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Are your projects managed by a traditional PMO? Is your company culture all about planning? Are your executives expecting gantt charts, EV, and strong budgetary management of your software projects? Are you trying to transition from a traditional SDLC to an agile SDLC?

If your organization follows a more traditional SDLC and you want to move to shorter iterations, you may want to stop and ask yourself, “What is it that we want to improve?” Likely, the compelling reason for moving to agile is because you need to deliver product faster. But enforcing 4-6 week iterations does not mean you are going to be able to deliver more quickly. Agility isn’t just about short iterations. It’s a unique discipline that requires a mental and cultural shift. In your 2-4 week iteration you are delivering potentially releasable product, which means you need to go through the design-build-test process within that period. Many traditional organizations think they can take their existing requirements gathering, designing, building, and testing processes, miniaturize them, force them into short iterations, and suddenly they are agile. It doesn’t work that way.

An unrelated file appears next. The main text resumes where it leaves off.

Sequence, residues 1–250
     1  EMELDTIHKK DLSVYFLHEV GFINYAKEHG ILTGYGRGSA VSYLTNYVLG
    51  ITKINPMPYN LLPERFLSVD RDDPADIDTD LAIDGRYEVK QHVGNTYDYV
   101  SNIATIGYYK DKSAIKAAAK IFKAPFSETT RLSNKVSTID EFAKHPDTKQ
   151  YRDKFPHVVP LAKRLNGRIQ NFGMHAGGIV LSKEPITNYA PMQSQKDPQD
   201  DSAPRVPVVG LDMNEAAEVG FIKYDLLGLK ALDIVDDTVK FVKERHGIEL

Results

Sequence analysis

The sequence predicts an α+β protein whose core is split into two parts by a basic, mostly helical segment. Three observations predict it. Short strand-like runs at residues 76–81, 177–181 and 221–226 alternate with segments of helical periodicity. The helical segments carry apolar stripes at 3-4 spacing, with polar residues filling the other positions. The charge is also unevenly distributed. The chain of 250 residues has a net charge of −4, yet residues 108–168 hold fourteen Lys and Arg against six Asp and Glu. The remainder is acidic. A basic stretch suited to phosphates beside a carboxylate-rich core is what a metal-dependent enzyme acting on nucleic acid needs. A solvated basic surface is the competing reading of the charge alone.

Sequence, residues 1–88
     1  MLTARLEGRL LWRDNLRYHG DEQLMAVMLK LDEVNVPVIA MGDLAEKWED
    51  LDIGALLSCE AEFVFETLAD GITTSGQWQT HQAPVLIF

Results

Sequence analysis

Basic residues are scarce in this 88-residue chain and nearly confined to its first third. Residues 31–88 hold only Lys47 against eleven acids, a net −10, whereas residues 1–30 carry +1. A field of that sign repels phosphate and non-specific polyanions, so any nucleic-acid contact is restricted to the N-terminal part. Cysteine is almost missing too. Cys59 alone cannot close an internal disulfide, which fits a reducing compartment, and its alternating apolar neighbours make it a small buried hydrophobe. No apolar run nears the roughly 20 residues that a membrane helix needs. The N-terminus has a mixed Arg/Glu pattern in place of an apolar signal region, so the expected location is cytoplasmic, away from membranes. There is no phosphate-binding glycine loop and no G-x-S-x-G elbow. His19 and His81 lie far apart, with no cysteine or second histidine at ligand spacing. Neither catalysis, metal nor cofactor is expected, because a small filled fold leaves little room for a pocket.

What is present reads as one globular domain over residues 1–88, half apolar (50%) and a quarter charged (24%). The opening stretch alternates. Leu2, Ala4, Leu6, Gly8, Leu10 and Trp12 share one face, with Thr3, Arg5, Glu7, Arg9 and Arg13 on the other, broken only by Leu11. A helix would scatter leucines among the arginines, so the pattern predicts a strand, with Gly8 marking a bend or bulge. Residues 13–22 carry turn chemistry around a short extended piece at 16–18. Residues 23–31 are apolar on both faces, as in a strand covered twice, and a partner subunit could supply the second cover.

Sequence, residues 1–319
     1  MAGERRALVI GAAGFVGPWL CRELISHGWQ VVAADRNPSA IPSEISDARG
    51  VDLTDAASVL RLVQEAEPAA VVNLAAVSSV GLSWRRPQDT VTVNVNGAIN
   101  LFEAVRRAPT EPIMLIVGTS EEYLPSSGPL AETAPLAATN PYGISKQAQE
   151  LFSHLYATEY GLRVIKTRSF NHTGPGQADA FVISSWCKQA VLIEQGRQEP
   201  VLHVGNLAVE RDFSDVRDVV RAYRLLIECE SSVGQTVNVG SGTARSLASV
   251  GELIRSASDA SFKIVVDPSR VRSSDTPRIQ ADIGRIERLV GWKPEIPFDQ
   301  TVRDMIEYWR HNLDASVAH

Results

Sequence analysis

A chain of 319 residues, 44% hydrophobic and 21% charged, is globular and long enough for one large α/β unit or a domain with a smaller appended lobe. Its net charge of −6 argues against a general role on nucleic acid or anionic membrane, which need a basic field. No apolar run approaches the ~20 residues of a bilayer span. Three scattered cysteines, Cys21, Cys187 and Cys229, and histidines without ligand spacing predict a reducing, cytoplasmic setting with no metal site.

There are many things that must be put into place before you can get to short sprints that are capable of releasing shippable product with a high degree of confidence in it’s quality. Remember, agility is about fast feedback, building quality software, and delivering value to the customer. It’s not about shortening your delivery cycle.

Prioritize your organizational goals for moving to agile. What is it you wish to achieve? Now ask yourself, are you willing to do what it takes to get there, including radically altering your SDLC practices? Unit testing, less upfront design work, building a safe-to-fail culture, and having cross-functional teams are just a few of the areas that need to be developed if you are to become agile!

(Original article appeared in June 3rd 2015 edition of The Tempo)

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